Data center cooling is an important aspect of data center planning and management. While individual devices (and device clusters) inside of the data center often have self-contained cooling resources, when you pack enough hardware into a limited space, those cooling systems can be strained.
Often, the best answer is to cool the entire facility more effectively. That’s the concept of data center cooling. You keep the building cooler, and this helps with heat management across the board.
Specifically, there are five key benefits that stem from planning around data center cooling.
Data centers push equipment hard. They cram a lot of hardware into limited spaces, and they often run at capacity. That generates a lot of heat, and as you already know, excessive heat buildup can impact server performance.
Without data center cooling, it’s often necessary to rotate bits of equipment to manage temperatures. Sometimes, entire segments have to go offline in order to allow for heat dissipation.
Effective cooling solves this problem. Heat has a hard time building up inside of the facility, and the efficiency of device cooling systems improves. Most importantly, you can avoid downtime associated with data center heat management.
When the entire data center is cooler, the individual hardware components don’t have to work as hard to stay cool. Because they have cool air to pull in for cooling and cool air around the exhaust, there’s less overall heat that has to be managed at the component level.
This means that cooling fans and circulators don’t have to work as hard, and over time, they last longer as a result.
Much more importantly, you get better electrical efficiency at cooler temperatures. If data center cooling can help the servers maintain a lower average temperature, then the efficiency through the systems inside of those servers is better.
That reduces excess electrical resistance which can also slow down carbon scoring and other common sources of wear and tear. On multiple levels, data center cooling is helping your hardware last longer.
You know the basics of cable management already. Labels and color coding help to keep track of everything and cables should not be arranged willy-nilly. And, while you already understand that stress is bad for cables, many network engineers still allow too much in their systems. The key to managing cable stress is the same as doing any job in the world: use the right tools.
Horizontal and vertical hangers are widely available. They’re an easy place to consider cutting costs, but more often than not, this is a mistake. The hangers help manage cable stress, and they almost always save money in the long run.
The other key to alleviating stress is to take your time. Yes, labor is expensive. That’s exactly why you don’t want to be re-running cables that have kinks and tears. As much as you feel pressured to get work done quickly, it’s worth a small investment of time to make sure every bend has a gentle sweep and nothing is unceremoniously stuffed into a corner of your pathway. It’s the simplest thing in the world, and it costs data centers everywhere thousands of dollars a year.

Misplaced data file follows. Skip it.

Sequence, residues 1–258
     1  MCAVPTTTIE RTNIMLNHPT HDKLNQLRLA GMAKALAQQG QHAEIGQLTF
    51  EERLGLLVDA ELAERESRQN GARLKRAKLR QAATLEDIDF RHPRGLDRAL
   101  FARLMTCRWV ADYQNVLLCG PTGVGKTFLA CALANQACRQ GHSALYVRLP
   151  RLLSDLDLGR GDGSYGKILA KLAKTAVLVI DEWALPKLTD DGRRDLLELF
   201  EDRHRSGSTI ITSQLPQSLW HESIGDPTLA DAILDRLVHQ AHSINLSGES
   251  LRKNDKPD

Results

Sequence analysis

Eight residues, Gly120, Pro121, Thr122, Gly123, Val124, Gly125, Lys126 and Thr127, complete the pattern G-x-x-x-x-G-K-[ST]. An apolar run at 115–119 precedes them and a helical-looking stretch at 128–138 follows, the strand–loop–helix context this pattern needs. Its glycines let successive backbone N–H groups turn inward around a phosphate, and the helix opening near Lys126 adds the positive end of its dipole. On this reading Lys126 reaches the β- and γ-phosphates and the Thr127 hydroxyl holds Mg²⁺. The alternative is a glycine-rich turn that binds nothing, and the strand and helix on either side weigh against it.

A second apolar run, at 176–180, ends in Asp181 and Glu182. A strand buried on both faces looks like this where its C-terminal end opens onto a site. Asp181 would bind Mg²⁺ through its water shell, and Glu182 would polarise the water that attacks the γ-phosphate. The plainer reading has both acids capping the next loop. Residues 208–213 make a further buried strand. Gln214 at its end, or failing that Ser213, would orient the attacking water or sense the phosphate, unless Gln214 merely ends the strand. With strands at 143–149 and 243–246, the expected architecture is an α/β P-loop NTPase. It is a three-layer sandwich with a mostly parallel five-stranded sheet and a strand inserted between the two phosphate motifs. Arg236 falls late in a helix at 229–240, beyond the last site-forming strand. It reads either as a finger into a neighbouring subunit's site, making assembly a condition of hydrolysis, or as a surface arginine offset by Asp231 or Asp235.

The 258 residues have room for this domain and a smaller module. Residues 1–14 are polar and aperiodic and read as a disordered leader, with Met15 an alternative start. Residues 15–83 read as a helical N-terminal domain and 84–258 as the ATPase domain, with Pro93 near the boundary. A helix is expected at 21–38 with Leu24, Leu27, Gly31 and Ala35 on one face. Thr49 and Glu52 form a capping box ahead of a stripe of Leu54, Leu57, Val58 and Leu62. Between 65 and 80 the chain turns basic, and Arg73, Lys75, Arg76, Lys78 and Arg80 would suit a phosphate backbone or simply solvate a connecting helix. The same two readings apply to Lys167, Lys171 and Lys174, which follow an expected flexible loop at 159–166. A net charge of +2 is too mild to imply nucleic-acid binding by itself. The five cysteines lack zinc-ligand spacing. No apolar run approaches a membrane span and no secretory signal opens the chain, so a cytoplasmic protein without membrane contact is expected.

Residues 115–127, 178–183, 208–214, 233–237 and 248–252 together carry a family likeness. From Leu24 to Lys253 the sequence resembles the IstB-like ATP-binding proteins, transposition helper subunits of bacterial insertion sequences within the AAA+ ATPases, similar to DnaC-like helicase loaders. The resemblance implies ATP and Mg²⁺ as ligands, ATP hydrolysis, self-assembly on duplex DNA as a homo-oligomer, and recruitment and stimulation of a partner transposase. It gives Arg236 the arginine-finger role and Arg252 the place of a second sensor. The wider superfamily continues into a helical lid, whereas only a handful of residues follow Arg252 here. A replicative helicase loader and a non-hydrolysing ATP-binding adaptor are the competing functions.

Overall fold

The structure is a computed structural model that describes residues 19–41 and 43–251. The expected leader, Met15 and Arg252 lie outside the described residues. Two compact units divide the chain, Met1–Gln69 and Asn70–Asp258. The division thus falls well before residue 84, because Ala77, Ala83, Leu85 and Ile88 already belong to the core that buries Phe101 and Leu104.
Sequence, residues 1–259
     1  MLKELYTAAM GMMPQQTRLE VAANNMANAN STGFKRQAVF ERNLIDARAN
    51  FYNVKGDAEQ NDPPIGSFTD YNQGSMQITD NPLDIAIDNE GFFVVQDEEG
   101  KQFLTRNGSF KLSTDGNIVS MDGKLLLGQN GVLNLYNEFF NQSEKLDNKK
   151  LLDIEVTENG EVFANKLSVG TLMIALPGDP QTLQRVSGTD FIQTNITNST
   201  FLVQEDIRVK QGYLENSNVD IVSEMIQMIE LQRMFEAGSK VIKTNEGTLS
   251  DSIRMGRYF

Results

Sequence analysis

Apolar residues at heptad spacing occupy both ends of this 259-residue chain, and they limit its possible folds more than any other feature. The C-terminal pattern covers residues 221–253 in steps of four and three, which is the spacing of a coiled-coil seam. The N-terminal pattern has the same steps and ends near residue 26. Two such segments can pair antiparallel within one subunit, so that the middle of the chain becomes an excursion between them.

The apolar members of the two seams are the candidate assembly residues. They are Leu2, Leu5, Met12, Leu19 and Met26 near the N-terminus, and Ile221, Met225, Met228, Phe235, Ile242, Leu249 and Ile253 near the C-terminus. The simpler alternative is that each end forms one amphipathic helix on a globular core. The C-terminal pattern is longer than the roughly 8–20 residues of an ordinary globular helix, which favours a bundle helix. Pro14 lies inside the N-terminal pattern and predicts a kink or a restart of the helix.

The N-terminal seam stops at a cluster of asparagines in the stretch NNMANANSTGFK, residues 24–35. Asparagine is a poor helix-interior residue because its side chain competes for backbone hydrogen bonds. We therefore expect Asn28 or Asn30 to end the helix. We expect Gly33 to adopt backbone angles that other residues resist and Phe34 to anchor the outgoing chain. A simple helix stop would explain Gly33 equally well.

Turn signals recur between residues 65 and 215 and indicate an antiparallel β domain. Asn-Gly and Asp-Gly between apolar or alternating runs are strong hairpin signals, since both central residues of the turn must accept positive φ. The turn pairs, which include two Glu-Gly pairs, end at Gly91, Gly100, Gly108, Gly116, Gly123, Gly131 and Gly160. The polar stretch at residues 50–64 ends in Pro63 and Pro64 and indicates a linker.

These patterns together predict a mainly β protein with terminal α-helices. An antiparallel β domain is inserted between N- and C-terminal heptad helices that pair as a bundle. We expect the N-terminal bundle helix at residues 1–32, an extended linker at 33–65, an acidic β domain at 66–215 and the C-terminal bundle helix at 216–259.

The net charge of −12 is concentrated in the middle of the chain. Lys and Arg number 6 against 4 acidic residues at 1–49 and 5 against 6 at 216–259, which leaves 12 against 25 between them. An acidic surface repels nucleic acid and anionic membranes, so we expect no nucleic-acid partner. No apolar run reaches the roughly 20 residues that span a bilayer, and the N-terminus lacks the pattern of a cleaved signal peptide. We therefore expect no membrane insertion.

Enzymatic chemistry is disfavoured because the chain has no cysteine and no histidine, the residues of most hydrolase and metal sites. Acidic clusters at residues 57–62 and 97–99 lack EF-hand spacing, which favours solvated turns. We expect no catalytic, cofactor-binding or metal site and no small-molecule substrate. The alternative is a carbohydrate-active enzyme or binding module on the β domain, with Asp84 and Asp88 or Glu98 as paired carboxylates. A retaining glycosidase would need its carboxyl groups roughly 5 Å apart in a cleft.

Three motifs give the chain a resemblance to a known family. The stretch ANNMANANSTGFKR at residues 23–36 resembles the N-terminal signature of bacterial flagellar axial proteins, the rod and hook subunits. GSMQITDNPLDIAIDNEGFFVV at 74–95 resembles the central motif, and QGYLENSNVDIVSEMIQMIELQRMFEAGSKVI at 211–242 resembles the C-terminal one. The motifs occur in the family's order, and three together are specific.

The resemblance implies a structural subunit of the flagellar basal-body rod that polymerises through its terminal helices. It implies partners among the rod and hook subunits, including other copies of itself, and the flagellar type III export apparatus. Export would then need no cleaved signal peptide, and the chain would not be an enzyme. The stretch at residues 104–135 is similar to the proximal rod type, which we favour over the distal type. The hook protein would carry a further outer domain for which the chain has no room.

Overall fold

Very large fans can move a lot of air very efficiently. You’ve already seen that data center cooling offloads some of the cooling responsibilities for equipment inside of the center. Server fans and other component cooling resources aren’t working as hard on average.
That translates into better electrical efficiency across the entire data center. By offloading cooling workloads from small systems to larger, more efficient systems, you use less overall electricity throughout the data center. Combine that with the equipment longevity gains, and you’re improving efficiency in your data center in several key ways.
Sustainability is easy to understand. If your data center cooling is making the entire facility more efficient, then that’s clearly more sustainable. Using less power is a core component of sustainability.
Data center cooling can offer much more in this field, though.
By investing in sustainable and passive cooling systems and technologies, you can improve the efficiency and sustainability of your data center several times over. These improvements also translate into energy efficiency gains, creating a positive feedback loop.
Sustainability is good for efficiency, and efficiency is good for sustainability.
The efficiency gains generated by good server cooling ultimately allows you to pack more capacity into a single location. It’s an inevitable result of improving cooling efficiency across the facility.
This simple fact provides more flexibility in server design, and the crux of that is that you can raise the value of a single data center location.
You can increase the locality of your server assets, reducing the need to supplement with offsite servers.
Through this benefit, cooling can dramatically lower long-term data center costs and feed into better and more efficient scalability strategies.
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